3 added 19 characters in body

Here's a boring reason, and it may or may not convince you: any function $f : X \to Y$ between topological spaces has the property that the preimage of the entire space $Y$ is the entire space $X$, and the preimage of the empty subset of $Y$ is the empty subset of $X$. So if you allow topological spaces in which either the entire set or the empty set is not open, there are no continuous functions from these spaces to "classical" topological spaces! Given that you agree with me that this is undesirable behavior, I think you are forced to make the entire set and/or the empty set either always open or always not open, and I think if you pick the second option then nothing changes except that, as KConrad says, it becomes unnecessarily harder to say things.

Actually, the situation is even worse: if the empty set isn't allowed to be open in $X$ then the continuous functions $X \to Y$ must be surjective, cannot miss any open set in $Y$, and if the entire set isn't allowed to be open in $X$ then (for a reasonable choice of $Y$) the continuous functions $X \to Y$ must be nonconstant. cannot take values entirely in a proper open subset of $Y$. I think these are both much more unnatural than allowing the entire set and the empty set to be open. This is assuming you agree that the standard definition of continuity is natural.

2 added 11 characters in body; added 85 characters in body

Here's a boring reason, and it may or may not convince you: any function $f : X \to Y$ between topological spaces has the property that the preimage of the entire space $Y$ is the entire space $X$, and the preimage of the empty subset of $Y$ is the empty subset of $X$. So if you allow topological spaces in which either the entire set or the empty set is not open, there are no continuous functions from these spaces to "classical" topological spaces! Given that you agree with me that this is undesirable behavior, I think you are forced to make the entire set and/or the empty set either always open or always not open, and I think if you pick the second option then nothing changes except that, as KConrad says, it becomes unnecessarily harder to say things.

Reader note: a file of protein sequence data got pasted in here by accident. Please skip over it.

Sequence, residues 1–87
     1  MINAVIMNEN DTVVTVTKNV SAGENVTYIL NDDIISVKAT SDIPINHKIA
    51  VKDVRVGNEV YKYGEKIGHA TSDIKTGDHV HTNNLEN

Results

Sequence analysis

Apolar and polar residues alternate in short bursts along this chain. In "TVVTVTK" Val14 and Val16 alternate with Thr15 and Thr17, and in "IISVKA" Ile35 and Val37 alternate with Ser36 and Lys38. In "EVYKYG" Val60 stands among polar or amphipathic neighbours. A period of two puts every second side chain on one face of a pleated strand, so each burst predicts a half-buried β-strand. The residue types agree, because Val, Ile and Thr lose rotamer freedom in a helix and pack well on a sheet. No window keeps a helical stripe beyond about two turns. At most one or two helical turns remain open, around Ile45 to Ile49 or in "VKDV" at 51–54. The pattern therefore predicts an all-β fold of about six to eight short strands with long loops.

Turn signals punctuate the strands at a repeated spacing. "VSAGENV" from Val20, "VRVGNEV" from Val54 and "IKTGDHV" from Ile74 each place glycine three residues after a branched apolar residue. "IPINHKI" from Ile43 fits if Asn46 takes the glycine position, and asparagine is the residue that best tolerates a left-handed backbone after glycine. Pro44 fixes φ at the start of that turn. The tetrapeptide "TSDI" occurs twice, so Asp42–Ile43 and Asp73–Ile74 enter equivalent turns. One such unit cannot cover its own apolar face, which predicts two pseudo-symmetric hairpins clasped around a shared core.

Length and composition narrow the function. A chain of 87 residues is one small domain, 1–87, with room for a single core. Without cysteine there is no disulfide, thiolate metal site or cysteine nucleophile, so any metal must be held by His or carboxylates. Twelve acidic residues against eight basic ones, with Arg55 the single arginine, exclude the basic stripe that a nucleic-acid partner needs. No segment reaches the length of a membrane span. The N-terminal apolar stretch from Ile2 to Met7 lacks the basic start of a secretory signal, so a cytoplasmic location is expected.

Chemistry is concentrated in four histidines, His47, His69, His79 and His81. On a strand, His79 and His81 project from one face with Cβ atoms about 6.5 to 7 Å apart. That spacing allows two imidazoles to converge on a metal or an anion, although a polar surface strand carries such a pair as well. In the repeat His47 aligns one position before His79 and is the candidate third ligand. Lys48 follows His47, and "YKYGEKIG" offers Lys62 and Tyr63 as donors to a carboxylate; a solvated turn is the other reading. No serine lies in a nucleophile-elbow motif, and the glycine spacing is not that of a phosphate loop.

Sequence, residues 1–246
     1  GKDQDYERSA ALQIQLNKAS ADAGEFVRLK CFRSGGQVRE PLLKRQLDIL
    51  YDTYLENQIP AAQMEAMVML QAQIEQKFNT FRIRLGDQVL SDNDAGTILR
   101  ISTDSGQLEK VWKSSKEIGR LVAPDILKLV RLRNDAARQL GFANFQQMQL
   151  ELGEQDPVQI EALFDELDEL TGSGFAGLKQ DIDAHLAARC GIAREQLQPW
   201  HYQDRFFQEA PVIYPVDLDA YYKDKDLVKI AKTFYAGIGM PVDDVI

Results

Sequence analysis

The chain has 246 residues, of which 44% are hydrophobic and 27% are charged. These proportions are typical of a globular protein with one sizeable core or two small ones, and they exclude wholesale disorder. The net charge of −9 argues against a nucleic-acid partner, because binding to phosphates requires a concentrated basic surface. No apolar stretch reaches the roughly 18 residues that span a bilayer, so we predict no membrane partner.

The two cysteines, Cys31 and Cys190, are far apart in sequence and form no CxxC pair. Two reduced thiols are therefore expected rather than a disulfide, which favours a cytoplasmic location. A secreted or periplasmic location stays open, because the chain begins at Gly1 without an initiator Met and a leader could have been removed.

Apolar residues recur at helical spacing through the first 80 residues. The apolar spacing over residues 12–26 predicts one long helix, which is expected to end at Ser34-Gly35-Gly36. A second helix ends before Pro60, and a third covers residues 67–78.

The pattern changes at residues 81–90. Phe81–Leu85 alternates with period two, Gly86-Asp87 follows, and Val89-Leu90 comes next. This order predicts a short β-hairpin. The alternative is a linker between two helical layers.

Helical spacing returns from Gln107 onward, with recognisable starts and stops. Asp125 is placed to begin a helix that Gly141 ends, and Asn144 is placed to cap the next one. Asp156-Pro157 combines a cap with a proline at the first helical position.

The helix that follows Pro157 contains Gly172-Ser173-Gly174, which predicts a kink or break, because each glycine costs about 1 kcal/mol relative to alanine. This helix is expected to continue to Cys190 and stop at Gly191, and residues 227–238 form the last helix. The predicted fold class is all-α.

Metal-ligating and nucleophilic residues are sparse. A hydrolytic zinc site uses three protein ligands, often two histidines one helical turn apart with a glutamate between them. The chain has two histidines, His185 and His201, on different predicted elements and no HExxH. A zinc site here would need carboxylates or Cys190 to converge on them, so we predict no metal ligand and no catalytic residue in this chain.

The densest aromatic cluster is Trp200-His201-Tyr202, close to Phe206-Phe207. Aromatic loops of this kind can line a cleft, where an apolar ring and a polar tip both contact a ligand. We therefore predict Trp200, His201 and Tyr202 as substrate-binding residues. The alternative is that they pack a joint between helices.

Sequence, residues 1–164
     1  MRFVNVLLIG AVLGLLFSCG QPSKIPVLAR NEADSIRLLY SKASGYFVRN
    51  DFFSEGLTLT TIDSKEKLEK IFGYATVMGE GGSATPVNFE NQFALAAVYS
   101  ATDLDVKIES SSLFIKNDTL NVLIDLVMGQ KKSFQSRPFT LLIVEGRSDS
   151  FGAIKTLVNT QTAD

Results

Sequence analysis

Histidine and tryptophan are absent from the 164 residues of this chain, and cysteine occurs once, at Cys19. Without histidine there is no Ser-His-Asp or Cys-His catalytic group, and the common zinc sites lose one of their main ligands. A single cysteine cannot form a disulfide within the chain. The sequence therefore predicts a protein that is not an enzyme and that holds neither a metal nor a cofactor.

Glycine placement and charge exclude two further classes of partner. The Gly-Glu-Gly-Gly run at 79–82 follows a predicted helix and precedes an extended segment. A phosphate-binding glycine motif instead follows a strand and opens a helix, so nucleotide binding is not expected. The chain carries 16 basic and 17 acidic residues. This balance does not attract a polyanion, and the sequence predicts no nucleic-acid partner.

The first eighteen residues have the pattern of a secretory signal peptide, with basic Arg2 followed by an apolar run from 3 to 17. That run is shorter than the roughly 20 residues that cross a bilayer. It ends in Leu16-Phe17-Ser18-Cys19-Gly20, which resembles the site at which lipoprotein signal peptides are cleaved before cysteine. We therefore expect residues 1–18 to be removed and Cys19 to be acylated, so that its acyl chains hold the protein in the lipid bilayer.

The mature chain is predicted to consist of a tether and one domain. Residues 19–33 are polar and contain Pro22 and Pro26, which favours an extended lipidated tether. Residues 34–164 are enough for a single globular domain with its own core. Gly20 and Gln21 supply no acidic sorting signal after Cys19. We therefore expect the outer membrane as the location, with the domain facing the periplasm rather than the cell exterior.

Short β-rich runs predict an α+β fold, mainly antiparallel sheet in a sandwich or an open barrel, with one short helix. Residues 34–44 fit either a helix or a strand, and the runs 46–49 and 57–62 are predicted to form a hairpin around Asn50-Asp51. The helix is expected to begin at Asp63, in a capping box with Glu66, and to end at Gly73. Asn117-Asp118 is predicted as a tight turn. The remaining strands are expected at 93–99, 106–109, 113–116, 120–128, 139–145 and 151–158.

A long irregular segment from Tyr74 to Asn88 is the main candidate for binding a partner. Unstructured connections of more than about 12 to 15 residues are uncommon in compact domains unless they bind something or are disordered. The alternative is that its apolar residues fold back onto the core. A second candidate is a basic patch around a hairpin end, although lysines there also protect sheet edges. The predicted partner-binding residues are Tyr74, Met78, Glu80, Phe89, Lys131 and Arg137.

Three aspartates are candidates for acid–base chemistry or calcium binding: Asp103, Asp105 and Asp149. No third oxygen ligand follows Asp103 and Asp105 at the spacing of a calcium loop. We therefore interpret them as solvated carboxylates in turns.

Actually, the situation is even worse: if the empty set isn't allowed to be open in $X$ then the continuous functions on $X$ X \to Y$must be surjective, and if the entire set isn't allowed to be open in$X$then (for a reasonable choice of$Y$) the continuous functions on$X$X \to Y$ must be nonconstant(unless $Y$ has no open sets whatsoever!). I think these are both much more unnatural than allowing the entire set and the empty set to be open. This is assuming you agree that the standard definition of continuity is natural.

1

Here's a boring reason, and it may or may not convince you: any function $f : X \to Y$ between topological spaces has the property that the preimage of the entire space $Y$ is the entire space $X$, and the preimage of the empty subset of $Y$ is the empty subset of $X$. So if you allow topological spaces in which either the entire set or the empty set is not open, there are no continuous functions from these spaces to "classical" topological spaces! Given that you agree with me that this is undesirable behavior, I think you are forced to make the entire set and/or the empty set either always open or always not open, and I think if you pick the second option then nothing changes except that, as KConrad says, it becomes unnecessarily harder to say things.

Actually, the situation is even worse: if the empty set isn't allowed to be open then the continuous functions on $X$ must be surjective, and if the entire set isn't allowed to be open then the continuous functions on $X$ must be nonconstant (unless $Y$ has no open sets whatsoever!). I think these are both much more unnatural than allowing the entire set and the empty set to be open.